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Correlating Social Mobility and Economic Outcomes

Author

Listed:
  • Maia Güell

    (University of Edinburgh, CEPR, FEDEA and IZA.)

  • Michele Pellizzari

    (University of Geneva, CEPR, LIVES and IZA.)

  • Giovanni Pica

    (Università degli Studi di Milano, LdA, CSEF and and Centro Luca D’Agliano)

  • José V. Rodríguez Mora

    (University of Edinburgh and CEPR.)

Abstract

We construct comparable measures of intergenerational mobility (IM) for 103 Italian provinces using the recent methodology of Güell, Rodríguez Mora and Telmer (2007; 2014) and explore their correlation with a variety of social and economic outcomes. We find that higher IM is positively associated with economic activity, education and social capital, and negatively correlated with inequality. Moreover, there is no clear pattern of correlation with other socio-political variables. These results are qualitatively similar to Chetty, Hendren, Kline, and Saez (2014), with the important difference that Italy is a highly centralized state where institutions and policies are ‘de jure’ the same in all provinces. This suggests that something beyond institutional and policy differences also shapes intergenerational mobility.

Suggested Citation

  • Maia Güell & Michele Pellizzari & Giovanni Pica & José V. Rodríguez Mora, 2015. "Correlating Social Mobility and Economic Outcomes," CSEF Working Papers 394, Centre for Studies in Economics and Finance (CSEF), University of Naples, Italy, revised 27 Jul 2016.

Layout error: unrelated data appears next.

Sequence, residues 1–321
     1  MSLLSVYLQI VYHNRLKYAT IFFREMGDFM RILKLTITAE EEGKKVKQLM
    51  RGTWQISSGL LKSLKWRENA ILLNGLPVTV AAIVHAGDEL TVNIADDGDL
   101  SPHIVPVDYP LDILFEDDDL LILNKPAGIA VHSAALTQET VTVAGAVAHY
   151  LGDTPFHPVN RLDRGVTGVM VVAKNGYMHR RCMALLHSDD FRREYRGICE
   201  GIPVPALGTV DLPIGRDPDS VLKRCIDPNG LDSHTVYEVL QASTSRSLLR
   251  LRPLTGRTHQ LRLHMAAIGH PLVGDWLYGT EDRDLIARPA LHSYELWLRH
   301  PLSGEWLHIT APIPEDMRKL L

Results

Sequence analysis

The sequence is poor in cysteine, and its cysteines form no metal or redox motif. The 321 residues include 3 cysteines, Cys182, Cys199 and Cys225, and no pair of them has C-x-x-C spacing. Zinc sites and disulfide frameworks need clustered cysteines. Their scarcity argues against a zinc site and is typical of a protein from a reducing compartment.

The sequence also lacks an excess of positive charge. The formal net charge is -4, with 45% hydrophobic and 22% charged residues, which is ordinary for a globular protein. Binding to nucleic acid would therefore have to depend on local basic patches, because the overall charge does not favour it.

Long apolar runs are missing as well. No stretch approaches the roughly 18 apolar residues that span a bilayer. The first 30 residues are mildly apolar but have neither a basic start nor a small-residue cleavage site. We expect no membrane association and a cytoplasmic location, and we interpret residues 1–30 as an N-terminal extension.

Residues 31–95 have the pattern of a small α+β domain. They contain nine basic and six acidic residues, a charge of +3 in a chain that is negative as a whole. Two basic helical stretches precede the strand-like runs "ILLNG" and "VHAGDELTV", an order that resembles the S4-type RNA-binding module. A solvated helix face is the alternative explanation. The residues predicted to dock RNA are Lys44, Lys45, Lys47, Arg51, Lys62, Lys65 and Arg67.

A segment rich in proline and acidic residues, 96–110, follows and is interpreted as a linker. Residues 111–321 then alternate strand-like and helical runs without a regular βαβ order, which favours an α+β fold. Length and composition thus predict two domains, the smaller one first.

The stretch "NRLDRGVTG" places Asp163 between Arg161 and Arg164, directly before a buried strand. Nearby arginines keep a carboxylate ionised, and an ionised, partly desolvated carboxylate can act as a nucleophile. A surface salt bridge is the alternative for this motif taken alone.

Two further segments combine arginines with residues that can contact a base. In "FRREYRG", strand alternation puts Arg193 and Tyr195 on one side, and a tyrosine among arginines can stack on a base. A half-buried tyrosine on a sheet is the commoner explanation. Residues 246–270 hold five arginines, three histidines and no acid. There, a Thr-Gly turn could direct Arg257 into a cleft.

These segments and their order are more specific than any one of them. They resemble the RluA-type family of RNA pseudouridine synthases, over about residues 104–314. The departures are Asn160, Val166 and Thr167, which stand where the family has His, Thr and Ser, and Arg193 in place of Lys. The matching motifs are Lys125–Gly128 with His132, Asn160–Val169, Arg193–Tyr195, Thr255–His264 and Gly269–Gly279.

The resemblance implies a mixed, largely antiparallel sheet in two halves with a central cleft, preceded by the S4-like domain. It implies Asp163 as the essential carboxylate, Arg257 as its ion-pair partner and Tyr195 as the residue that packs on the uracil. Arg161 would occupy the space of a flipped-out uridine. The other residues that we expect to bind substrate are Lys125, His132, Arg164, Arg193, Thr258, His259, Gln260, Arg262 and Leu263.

• Handle: RePEc:sef:csefwp:394
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    References listed on IDEAS

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    1. Kenneth A. Couch & Thomas A. Dunn, 1997. "Intergenerational Correlations in Labor Market Status: A Comparison of the United States and Germany," Journal of Human Resources, University of Wisconsin Press, vol. 32(1), pages 210-232.
    2. Maia Güell & José V. Rodríguez Mora & Christopher I. Telmer, 2015. "The Informational Content of Surnames, the Evolution of Intergenerational Mobility, and Assortative Mating," Review of Economic Studies, Oxford University Press, vol. 82(2), pages 693-735.
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    More about this item

    Keywords

    Surnames; intergenerational mobility; cross-sectional data analysis.;
    All these keywords.

    JEL classification:

    • C31 - Mathematical and Quantitative Methods - - Multiple or Simultaneous Equation Models; Multiple Variables - - - Cross-Sectional Models; Spatial Models; Treatment Effect Models; Quantile Regressions; Social Interaction Models
    • E24 - Macroeconomics and Monetary Economics - - Consumption, Saving, Production, Employment, and Investment - - - Employment; Unemployment; Wages; Intergenerational Income Distribution; Aggregate Human Capital; Aggregate Labor Productivity
    • R10 - Urban, Rural, Regional, Real Estate, and Transportation Economics - - General Regional Economics - - - General

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